World Test Championship a glorious tribute to cricket’s ridiculous allure

Sport

In 2001 a county match at Canterbury was held up by an obstinate Gurkha pipe band, who disregarded the end of the tea interval and carried on marching across the outfield while the bewildered Yorkshire batsmen waited to start their innings. In 1995 a game between Border and Boland was suspended for 10 minutes because Daryll Cullinan hit the ball into a frying pan full of frying calamari and the umpires needed to wait for it to cool down afterwards. In 1984 a 62-year-old woman named Iris Clarke broke up a match at the county ground in Hampshire when she walked on to the pitch to demand an apology from Robin Smith because he’d broken her window with a six. She refused to give the ball back.

All of which is by way of saying that cricket is, and always has been, a slightly ridiculous business, and that anyone who wants to take it all seriously would do well to keep a sense of humour about it too. Especially Test cricket – its best, most compelling format – which remains, on some base level, an irredeemably absurd proposition. A game that seems like it’s been expressly designed to be hard to watch because most of it runs across office hours, a game which breaks for an official lunch interval even when it’s been raining all morning, and which, when play finally starts in the afternoon, will stop again for bad light even when it’s under floodlights.

If you’ve been watching the World Test Championship final, chances are that you’ve long since grown used to all this. It might be you’re so deep into it that you’ve stopped seeing any of it as ridiculous at all: the Byzantine laws, the myriad fielding positions, the baffling array of statistics, figures and averages. I find it’s only on the odd occasion I’m forced to try and explain any of it to a newcomer that I’m struck all over again by just how impenetrable the game seems to the uninitiated (have you ever tried explaining the intricacies of “leg before wicket” to a child? Or taking an American in-law to watch a game at Lord’s?).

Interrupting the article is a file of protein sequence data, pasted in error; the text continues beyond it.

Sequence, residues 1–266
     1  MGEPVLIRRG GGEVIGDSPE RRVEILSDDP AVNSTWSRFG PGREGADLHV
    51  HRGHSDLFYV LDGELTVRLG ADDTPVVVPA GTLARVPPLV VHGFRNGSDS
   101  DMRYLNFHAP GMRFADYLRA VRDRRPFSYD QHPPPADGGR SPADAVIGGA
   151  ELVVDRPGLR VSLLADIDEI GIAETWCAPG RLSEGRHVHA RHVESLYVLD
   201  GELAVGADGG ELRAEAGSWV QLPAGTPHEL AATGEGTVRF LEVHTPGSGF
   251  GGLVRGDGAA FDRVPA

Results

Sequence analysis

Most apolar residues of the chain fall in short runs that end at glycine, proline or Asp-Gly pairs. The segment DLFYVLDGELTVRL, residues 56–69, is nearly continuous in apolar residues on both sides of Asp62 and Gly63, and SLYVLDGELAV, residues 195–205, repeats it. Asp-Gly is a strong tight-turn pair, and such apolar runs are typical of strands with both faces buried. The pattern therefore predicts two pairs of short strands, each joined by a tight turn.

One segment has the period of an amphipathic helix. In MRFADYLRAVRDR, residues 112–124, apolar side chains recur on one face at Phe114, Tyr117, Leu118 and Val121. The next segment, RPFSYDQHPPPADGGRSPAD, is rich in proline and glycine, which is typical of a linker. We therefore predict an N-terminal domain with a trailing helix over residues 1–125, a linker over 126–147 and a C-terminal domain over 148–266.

When the ICC designed this new competition, the final was supposed to be a week-long celebration of Test match cricket. And, even though the match was relocated from Lord’s to a ground built in a retail park off the motorway near Southampton, even though the social distancing measures meant the crowd was restricted to around 4,000 a day, even though two entire days of play were washed out by rain, even though the conditions were so difficult that only two batsmen managed to scrape past 50 runs in the entire game, it seems to me that they succeeded admirably. It felt one for the connoisseurs, all those of us who have already been converted.

Because Test cricket is awkward, irritating, and silly. It has languors, it can be baffling one minute, boring the next, and brilliantly compelling the third, and it does last an unreasonable amount of time, and demand an unfeasible amount of attention. Which is why its rhythms are entirely unlike anything else in all of sport.

God created light, the sky, the land, the seas, the sun, moon, stars and all the plants and animals in the time it took to settle this one match, and the main complaint most people watching had at the end of it was that it hadn’t gone on even longer. That, in fact, it would take a three-match series to really thrash it out properly.

And despite that, it all turned out perfectly, on one long, enthralling last day’s play, ending on a beautiful late afternoon, with New Zealand’s two greatest batsmen grinding away against one of the finest all-around bowling attacks ever put together, trying to find the final 30 runs their team needed for victory.

The World Test Championship has just been won by a team who can’t even really afford to play the game. Unless they happen to be playing India, the New Zealand Cricket board actually loses money on most of the Test matches it hosts. Like I say, nothing about this game really makes much sense.

The World Test Championship is flawed, riddled with odd inconsistencies and annoying compromises. It’s creaky, cobbled together and at the bottom it works because somehow the game’s good enough to get away with it.

And in these last few months, and days, the competition’s helped bring together a lot of people who love it, despite all that silliness – and because of it, too. That’s a good thing.